James lights up the Queen Elizabeth Theatre
James is one of my favourite bands of all time to see live. Singer Tim Booth has an extraordinary ability to feed off the energy of the audience, and this was no exception Thursday night at the Queen Elizabeth Theatre.
James last came to Toronto in September 2008 where they played a packed show at The Phoenix. What this venue lacked in intimacy, it made up for in sheer togetherness of the crowd, with everyone often singing along in unison.
The seven-piece band was tight, yet played loose at key moments during the set, giving in to extended jams towards the end of some songs.
A handful of songs into their set, Booth addressed the audience, telling them he knows that Toronto has a reputation for being reserved. "But that's not our experience," he added, urging the crowd to lose their inhibitions.
I recall the time when -- back when the concert venue at Ontario Place was still called The Forum -- a renegade fan broke onto the rotating stage and embraced Booth and gave him a kiss, much to his surprise.
This show began with the band coming down the aisles, playing a stripped-down version of Sit Down, which was one of the hits that launched this Mancunian pop group many years ago.
James fostered a close relationship with their fans from the get go. And it only got better from there. Playing an extended version of Sound, also from their early back catalogue. Before we knew it, there were 20 fans invited up on stage, dancing along to Laid.
Most bands would maybe do this for their encore. But this was just over midway through their lively set. And I was amazed how orderly those fans dispersed from the stage, without any interference from security.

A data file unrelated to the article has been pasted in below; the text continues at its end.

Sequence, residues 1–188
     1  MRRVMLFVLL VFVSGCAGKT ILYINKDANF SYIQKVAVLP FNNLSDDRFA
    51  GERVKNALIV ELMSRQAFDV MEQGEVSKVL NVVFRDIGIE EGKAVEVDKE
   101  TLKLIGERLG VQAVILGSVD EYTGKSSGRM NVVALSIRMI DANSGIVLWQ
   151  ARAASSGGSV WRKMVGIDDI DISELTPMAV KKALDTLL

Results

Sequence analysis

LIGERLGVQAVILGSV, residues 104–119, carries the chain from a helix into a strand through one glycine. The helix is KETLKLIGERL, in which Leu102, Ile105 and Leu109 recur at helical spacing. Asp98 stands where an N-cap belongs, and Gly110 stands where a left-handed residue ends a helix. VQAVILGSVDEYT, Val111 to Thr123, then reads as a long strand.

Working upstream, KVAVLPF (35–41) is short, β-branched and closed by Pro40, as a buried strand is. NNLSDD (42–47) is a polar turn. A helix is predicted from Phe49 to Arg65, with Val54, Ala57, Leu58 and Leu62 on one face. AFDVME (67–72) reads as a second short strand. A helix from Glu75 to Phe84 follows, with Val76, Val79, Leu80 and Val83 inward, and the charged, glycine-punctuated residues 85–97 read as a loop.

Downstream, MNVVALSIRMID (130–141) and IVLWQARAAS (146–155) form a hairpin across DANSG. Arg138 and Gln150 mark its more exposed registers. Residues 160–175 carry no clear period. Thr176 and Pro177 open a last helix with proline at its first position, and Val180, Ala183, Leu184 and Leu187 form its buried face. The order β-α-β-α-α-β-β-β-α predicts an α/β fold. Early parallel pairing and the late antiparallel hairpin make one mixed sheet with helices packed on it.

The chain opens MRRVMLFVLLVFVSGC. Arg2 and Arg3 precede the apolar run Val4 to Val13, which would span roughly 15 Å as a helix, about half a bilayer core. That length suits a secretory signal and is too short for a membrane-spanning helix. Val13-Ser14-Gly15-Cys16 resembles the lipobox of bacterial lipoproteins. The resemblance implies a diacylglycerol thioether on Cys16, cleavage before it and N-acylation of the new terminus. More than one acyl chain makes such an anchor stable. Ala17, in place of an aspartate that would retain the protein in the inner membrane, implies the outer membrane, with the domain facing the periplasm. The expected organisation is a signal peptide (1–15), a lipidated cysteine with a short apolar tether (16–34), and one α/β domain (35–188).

Indeed, James was in fine form. If there was any question after their break-up in 2001 whether they'd come back as strong, this show removed all doubt.
Their latest album, The Morning After The Night Before, the band's second album since they reunited in 2007, has many beautiful songs on it which translated really well live. During the song Tell Her I Said So, I spotted an elderly woman in the audience singing along the refrain "Here's to a long life, here's to a long life." Truly magical.
I was pleased to hear James play the uplifting Tomorrow, conspicuously absent from their last gig in Toronto. Towards the end of the show, we all shared in an extended singalong to Sometimes, which seemed to go on forever. If only it did.
Booth commented on his Twitter feed "The manager at the Toronto venue said he hadn't seen any audience make such a noise in 10 years of owning clubs."
How was it for you?
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